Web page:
Fast forward to my adulthood as an educator.  I have worked with countless number of students in mathematics who are in junior high or high school trying to learn higher level math but are unable to because they never mastered basic skills.  Today, students in elementary school are allowed to use calculators.  No longer are students required to master basic computation skills before moving on to higher level math skills.  Studies show that there has been a steady decline in student gains in regards to computation skills since the 1980's.  Although many reasons contribute to this, it is important to understand the neccessity of mastering these basic skills early on in a student's elementary years.  Fact is, students who have not mastered basic whole number computation by the end of the 4th grade are more likely to struggle in mathematics. 

When Susan came to One On One Tutoring Service in the summer of 2008, I made sure that her learning path focused on building a solid foundation in her basic skills.  Although today's curriculum covers a broad range of math skills, we only focused on addition, subtraction, multiplication and division.  The same applied the following summer until she demonstrated mastery.  We then moved on to fractions, which she worked on until she demonstrated mastery, as she advanced in grade level.  By building a solid base, she was able to understand and apply newly taught math concepts in school without much frustration. 

According to (Loveless, 2003) and I agree wholeheartedly, basic skills are important because:

1.) Basic skills serve equity.  The black-white achievement gap expanded in every computation skill area in the 1990's as a result of a lack of focus on teaching basic skills.  When basic skills are not taught, the least privilaged in our society, those who cannot afford tutors, computer programs or academic summer camps, suffer.

2.) Basic skills are necessary to advance in math.  Basic skills are a floor, not a ceiling.  Students must learn arithmetic so that they can move on to more demanding mathematics.

3.) Basic skills predict adult earnings. Skills and knowledge students learn in school is correlated with success later in life.

In conclusion, it is imperative that parents understand the importance of a solid foundation not only in mathematics but in reading as well.  Unfortunately, the demand of today's curriculum does not allow adequate time for teachers to ensure that all students master their basic skills in mathematics.  Parents must realize that school is not the one and only solution to a child's education and that there are outside sources such as One On One Tutoring Service that will work diligently to make sure that their children are fully prepared to succeed in school.

Parents, GET INVOLVED!!!

Thaddeus Falana M.ed - Wednesday, June 15, 2011


I have always been a major advocate of parent involvement in their child’s education.  In my nine years in education, I have found that students with parents who are heavily invested in their education tend to have more success in school than students whose parents are less involved.   Case in point, I fielded a phone call from a parent who was trying to prepare her 7th grader for high school.  For privacy purposes, we will call the 7th grader Jane.  The parent was concerned about Jane’s results from the standardized test completed this spring.  The parent wanted to ensure that Jane was fully prepared to take the high school entrance exam in September so she reached out to One On One Tutoring Service for assistance.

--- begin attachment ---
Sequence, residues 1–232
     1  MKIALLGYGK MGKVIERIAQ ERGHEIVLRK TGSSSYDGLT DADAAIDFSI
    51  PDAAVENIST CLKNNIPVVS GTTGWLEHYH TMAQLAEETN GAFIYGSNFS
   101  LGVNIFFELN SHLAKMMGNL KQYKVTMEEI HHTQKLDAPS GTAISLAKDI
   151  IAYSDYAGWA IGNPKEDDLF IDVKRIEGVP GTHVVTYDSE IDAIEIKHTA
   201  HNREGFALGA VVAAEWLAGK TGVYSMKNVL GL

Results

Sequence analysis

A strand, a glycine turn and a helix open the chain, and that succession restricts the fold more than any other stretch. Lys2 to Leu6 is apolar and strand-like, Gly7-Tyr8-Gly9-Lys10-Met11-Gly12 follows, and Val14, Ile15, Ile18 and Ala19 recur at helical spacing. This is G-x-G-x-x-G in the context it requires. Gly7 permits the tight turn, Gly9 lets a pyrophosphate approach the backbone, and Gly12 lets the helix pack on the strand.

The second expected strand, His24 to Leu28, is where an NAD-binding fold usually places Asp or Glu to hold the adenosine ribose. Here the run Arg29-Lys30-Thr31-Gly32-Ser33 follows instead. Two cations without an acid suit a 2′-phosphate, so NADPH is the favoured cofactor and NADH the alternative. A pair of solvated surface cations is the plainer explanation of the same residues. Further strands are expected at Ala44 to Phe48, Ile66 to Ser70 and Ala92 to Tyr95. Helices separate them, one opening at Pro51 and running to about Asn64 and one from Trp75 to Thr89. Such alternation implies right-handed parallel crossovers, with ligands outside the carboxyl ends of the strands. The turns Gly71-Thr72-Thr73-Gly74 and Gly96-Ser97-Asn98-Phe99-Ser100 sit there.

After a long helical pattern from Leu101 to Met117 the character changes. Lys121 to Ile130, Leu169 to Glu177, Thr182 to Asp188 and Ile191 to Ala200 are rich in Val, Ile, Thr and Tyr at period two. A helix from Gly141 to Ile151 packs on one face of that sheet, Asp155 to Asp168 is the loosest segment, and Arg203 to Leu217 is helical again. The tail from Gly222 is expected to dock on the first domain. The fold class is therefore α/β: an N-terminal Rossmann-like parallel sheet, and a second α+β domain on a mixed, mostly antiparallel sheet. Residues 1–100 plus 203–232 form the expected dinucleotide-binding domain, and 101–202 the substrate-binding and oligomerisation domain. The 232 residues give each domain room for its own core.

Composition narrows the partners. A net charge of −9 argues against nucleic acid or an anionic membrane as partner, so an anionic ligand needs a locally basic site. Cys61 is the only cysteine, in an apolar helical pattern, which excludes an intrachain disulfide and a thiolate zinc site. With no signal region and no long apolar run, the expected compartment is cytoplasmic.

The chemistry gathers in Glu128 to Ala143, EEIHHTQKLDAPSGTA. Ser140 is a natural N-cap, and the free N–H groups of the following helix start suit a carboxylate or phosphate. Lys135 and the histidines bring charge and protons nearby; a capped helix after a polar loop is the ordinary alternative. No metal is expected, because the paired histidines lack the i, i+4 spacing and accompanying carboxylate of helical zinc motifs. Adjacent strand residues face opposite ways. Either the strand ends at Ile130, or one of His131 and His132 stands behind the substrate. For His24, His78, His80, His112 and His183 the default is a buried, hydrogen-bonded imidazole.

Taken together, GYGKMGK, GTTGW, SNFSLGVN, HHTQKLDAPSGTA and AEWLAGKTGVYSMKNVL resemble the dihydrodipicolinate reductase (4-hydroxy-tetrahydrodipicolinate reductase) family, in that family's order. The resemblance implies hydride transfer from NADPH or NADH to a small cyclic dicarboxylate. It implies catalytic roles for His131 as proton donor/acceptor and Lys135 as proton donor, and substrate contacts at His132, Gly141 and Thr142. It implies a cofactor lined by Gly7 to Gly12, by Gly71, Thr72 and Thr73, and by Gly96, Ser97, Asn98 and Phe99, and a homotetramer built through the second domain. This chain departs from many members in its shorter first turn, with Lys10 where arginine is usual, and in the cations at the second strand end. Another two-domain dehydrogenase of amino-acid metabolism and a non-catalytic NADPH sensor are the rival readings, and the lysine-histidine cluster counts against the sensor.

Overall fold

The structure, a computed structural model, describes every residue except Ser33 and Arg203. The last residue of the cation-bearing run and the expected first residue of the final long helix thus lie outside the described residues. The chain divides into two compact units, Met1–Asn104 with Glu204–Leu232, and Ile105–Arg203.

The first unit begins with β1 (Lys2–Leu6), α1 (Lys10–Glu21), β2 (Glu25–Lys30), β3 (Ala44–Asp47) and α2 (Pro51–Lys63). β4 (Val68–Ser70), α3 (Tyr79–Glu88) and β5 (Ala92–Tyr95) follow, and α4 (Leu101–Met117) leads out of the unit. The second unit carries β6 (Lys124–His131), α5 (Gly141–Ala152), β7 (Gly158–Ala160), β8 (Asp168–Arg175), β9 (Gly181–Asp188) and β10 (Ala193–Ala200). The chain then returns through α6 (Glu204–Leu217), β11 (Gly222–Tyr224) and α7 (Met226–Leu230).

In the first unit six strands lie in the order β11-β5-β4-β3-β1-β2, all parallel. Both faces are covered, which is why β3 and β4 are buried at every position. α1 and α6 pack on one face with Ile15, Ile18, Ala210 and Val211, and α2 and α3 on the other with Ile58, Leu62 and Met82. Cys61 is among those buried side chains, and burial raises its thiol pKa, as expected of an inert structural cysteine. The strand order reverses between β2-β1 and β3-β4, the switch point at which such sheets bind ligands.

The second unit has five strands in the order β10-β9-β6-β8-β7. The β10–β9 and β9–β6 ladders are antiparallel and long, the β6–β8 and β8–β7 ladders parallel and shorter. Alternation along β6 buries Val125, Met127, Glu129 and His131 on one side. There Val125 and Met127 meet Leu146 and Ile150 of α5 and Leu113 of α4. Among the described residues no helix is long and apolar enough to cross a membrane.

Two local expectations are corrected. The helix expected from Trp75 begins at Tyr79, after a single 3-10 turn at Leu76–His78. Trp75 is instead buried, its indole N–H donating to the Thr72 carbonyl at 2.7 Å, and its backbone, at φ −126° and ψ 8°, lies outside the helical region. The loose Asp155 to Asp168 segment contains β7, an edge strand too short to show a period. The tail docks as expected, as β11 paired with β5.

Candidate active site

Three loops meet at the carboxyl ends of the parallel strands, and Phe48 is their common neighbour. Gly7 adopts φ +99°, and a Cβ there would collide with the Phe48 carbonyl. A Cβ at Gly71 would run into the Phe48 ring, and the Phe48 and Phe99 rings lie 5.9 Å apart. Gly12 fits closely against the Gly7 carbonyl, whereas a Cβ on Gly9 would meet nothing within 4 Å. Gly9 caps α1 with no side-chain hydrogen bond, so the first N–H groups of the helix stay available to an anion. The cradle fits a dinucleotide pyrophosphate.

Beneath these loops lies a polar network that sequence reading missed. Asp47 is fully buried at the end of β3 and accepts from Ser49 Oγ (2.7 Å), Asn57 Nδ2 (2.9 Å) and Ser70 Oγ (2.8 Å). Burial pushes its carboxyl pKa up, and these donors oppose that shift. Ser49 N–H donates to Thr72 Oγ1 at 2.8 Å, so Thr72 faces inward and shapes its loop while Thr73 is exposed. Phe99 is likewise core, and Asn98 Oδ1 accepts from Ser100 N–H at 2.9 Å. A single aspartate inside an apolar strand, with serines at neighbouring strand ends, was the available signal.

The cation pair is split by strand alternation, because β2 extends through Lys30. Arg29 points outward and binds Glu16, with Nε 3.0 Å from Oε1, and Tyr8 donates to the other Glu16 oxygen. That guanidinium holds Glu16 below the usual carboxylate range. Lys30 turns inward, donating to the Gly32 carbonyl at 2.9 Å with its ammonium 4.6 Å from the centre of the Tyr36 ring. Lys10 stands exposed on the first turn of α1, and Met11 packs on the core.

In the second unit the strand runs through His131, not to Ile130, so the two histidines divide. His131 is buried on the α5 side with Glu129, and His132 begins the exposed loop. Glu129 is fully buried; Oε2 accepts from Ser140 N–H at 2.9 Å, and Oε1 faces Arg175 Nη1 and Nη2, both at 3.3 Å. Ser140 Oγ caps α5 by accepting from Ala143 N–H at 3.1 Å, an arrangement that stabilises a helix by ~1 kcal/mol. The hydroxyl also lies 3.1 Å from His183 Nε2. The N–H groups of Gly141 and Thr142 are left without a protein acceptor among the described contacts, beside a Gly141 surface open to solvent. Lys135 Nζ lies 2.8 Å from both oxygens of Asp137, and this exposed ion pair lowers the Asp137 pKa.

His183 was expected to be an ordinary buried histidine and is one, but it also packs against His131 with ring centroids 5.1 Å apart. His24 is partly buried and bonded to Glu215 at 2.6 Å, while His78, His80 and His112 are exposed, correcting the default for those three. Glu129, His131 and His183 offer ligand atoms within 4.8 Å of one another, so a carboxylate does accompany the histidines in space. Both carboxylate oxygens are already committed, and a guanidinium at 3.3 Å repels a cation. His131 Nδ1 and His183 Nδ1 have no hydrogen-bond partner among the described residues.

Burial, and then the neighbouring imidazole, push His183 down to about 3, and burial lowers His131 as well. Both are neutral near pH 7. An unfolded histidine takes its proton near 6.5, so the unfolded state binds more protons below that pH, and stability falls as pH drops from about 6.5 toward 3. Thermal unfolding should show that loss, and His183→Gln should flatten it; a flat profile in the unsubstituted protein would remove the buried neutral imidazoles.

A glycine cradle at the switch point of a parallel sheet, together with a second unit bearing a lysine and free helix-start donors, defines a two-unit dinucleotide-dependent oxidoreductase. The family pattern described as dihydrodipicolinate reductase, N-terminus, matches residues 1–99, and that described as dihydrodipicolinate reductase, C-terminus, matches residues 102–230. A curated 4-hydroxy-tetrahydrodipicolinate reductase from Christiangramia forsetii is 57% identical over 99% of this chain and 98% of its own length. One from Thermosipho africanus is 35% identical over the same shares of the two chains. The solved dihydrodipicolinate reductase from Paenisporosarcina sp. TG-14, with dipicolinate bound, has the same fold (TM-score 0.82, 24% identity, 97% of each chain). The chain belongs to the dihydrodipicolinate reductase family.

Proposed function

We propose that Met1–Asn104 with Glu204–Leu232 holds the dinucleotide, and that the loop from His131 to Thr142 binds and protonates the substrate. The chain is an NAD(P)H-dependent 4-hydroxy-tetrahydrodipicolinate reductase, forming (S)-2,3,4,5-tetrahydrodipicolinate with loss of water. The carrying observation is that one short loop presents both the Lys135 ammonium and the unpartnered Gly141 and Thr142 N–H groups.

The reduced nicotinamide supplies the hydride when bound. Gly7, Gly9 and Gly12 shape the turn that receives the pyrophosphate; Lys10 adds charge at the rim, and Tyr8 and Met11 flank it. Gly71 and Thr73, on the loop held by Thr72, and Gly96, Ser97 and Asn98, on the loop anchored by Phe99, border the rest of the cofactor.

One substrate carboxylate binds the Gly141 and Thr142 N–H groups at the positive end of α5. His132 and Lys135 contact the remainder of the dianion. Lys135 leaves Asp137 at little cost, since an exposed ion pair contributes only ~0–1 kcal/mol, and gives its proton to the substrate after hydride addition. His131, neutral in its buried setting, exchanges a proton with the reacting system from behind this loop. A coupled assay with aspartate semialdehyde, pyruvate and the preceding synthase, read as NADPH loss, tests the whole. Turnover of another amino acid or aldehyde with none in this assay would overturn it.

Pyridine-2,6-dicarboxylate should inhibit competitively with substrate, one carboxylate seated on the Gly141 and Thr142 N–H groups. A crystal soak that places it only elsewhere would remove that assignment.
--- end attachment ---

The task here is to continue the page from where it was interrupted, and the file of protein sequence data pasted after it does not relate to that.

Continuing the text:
Upon reviewing her test scores, I found that Jane was above level in most skills.   Four learning paths were created to target the identified weak skills and close Jane’s learning gaps.  I emailed the mother and she responded back with a few suggestions to add to the learning path based on Jane’s learning style.   Although her suggestions were already included in the learning path which she overlooked, I was pleasantly surprised at how involved she was in Jane’s education.  Together, we were able to create a plan in a timely manner that was indubitably tailor-made to target Jane’s weaknesses.


The point I’m trying to make here is that parental involvement not only helps to make the educator’s job easier but it also prevents the child from falling behind.  By knowing where your child stands in accordance to national standards, parents have a greater chance of discovering problem areas and implementing a solution to address those problems.  A home that provides structure, support and sets high standards is sure to produce a successful student in school.  Below are a few ways in which parents can get involved:

 

Structure

Have an after school schedule for your child.  Your child should know exactly what he or she should be doing once school ends.  This schedule should include homework, house chores, time for reading, time for dinner, as well as leisure time. 

 

Support:

It is imperative that parents regularly check student progress by meeting with teachers.  Meeting with teachers during report card conferences and parent/teacher night is not sufficient.  It does not have to be a face to face meeting.  An easy way of communicating with teachers is via email.  Obtain the email addresses of all of your child’s teachers and maintain communication through that avenue.  Teachers show favor to students whose parents have a positive attitude and are proactive in their child’s education. In addition, parents must be aware of where their child stands in comparison to state and national averages.